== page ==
Not really a big deal though, considering you just turn back around on 95 and go back maybe 15 miles, max.
As probably the most recognizable household name in a list for an entire state, no. Particularly one that’s been a state as long as the nation has existed.
Somebody mentioned Idaho - it managed to produce Ezra Pound and Lana Turner. Not to mention Harmon Killebrew and Picabo Street. Heck, even West Virginia can lay claim to George Brett, Pearl S. Buck, Stonewall Jackson, Don Knotts, Mary Lou Retton and Chuck Yeager.
There’s a canal that runs across Delaware, east-west, a little ways south of Wilmington, connecting the Chesapeake and Delaware Bays. Delaware residents talk about “above the canal” and “below the canal” which are almost two different worlds, culturally and even meteorogically. North of the canal is mostly urban - Wilmington and suburbs. Below the canal is overwhelmingly rural, with Dover being the only city of any note. And then there’s the Atlantic beaches - Rehoboth, Bethany, Lewes, Dewey. They’re probably Delaware’s main claim to fame, aside from its, um, highway robbery of people driving up and down the Northeast Corridor.
What happens in Delaware?
You pay $0.15/mile in tolls to drive through it on I-95.
Exactly! All the way from Vermont with minimal tolls, and then Delaware!
I used to be involved with a community theater group in Maryland. Maryland has an annual one-act play festival. One year, we held it somewhere in Delaware (possibly combining the two states, I forget). I think it was Newark. At the end of the festival, the mayor begged us to consider moving to Delaware.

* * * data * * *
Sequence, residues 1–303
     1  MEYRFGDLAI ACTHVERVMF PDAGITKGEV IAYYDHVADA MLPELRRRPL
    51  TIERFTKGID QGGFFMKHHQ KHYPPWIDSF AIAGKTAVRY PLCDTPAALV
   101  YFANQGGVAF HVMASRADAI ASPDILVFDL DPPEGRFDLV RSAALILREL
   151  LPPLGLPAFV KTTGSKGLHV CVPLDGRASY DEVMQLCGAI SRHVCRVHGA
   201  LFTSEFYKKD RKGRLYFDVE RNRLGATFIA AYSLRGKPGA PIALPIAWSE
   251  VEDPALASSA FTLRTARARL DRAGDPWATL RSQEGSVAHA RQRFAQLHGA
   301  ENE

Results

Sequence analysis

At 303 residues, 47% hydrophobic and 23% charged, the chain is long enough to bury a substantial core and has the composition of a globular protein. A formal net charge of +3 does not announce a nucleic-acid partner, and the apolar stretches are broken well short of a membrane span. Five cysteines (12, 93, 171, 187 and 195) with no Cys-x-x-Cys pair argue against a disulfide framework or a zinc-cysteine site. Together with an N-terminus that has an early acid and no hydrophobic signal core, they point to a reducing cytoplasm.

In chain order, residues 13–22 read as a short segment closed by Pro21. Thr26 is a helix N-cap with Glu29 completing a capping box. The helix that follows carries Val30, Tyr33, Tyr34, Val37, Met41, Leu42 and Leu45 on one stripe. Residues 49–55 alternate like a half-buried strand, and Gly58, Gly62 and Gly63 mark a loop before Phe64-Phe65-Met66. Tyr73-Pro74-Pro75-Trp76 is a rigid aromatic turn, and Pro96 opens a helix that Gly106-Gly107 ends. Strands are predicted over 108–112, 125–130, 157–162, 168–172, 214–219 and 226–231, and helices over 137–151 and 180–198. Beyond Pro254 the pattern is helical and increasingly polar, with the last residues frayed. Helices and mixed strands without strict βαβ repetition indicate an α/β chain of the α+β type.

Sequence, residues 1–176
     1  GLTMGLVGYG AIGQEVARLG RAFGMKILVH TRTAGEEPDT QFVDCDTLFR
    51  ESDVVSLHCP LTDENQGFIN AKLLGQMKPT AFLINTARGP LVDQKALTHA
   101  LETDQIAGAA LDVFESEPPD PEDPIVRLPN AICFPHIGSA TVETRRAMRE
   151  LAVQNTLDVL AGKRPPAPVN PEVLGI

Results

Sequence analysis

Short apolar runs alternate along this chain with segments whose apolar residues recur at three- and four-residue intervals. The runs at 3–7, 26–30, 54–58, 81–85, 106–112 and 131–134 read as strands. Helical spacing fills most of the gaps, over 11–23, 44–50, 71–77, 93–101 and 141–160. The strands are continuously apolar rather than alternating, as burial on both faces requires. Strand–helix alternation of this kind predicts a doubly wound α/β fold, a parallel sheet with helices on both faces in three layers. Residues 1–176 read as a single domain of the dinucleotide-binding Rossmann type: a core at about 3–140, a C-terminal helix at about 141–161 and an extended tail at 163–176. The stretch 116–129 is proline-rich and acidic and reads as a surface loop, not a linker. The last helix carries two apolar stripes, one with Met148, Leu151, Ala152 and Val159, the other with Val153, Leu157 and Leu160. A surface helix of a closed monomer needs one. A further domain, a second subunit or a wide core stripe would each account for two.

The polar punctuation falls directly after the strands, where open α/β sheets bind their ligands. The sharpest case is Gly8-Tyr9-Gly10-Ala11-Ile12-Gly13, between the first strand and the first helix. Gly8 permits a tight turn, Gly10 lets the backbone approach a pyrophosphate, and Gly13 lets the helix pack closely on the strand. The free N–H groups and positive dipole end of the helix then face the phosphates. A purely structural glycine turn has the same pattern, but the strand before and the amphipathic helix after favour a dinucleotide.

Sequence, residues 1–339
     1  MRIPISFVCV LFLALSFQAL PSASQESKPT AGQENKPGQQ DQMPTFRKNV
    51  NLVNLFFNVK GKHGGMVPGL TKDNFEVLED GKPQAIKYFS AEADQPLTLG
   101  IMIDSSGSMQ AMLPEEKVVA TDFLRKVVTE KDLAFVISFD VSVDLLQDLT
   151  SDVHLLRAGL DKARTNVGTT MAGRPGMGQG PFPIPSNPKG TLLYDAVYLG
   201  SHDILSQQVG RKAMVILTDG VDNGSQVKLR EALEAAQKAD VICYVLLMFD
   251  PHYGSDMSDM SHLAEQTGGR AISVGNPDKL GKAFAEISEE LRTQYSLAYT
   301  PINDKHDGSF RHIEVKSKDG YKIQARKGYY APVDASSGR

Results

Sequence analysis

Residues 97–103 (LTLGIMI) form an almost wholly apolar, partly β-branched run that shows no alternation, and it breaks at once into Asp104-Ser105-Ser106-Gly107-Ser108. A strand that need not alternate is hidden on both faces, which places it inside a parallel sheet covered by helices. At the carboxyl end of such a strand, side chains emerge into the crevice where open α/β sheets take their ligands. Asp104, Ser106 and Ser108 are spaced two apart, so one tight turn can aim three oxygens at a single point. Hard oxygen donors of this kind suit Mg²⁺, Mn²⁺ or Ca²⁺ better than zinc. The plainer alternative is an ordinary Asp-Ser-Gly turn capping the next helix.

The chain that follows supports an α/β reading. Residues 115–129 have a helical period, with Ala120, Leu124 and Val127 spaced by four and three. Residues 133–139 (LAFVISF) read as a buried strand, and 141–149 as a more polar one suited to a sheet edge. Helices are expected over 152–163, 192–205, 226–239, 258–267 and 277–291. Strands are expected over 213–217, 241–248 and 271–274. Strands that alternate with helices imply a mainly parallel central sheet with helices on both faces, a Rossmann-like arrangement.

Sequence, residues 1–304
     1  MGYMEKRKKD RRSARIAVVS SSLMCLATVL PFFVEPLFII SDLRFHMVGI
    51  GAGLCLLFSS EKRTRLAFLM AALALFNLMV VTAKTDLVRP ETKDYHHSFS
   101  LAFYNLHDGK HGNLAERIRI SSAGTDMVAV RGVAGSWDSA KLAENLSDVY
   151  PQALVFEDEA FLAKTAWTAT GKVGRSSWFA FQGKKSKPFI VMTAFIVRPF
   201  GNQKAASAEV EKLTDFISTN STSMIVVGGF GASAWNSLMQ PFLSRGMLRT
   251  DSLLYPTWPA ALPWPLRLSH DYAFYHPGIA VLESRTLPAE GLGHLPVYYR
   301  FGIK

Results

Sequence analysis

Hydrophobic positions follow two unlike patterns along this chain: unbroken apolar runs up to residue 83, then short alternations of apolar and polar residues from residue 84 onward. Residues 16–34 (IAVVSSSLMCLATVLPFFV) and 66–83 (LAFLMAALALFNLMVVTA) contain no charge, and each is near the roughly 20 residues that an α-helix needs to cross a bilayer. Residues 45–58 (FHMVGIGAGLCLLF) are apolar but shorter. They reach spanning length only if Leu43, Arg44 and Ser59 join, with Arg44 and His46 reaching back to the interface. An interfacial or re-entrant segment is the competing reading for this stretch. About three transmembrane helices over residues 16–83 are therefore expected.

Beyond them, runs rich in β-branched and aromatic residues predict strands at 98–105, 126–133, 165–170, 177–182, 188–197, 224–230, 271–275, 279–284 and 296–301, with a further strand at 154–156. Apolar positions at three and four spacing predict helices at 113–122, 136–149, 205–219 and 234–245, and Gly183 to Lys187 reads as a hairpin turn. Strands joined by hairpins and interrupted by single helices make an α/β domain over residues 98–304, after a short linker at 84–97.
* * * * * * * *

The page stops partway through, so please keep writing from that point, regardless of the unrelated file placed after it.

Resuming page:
Washington (state), like Delaware, has no state taxes, but it has user fees and bond referendums out the ying yang. Is this the case in Delaware as well?
I looked at a job in Delaware, but we decided not to take it. Delaware feels like a bit of the South that accidentally got transplanted up near New Jersey. NASCAR seems to be big, and Wal-Mart. If you’re not near wilmington, it feels boring. Dupont has its world headquarters there. There are some nice beaches, and a weird little piece that ought to be New Jersey on the East Side of Delaware Bay actually belongs tpo Delaware because of geographical definitions. If you don’t have a boat or a balloon, you’d need to drive through Jersey to get to it.
U of D grad here, lived in Newark many years and still live nearby.
Delaware is the only state that has lost the distinction of being smallest.
Above the canal and below the canal are a world apart. Below the canal is often called Lower Delaware or Slower Delaware. The whole peninsula is sedimentary land, very flat, whereas Newcastle County above the canal is quite hilly, though the hills are more frequent than they are high, with Mount Cuba (440 ft) the highest point in the state.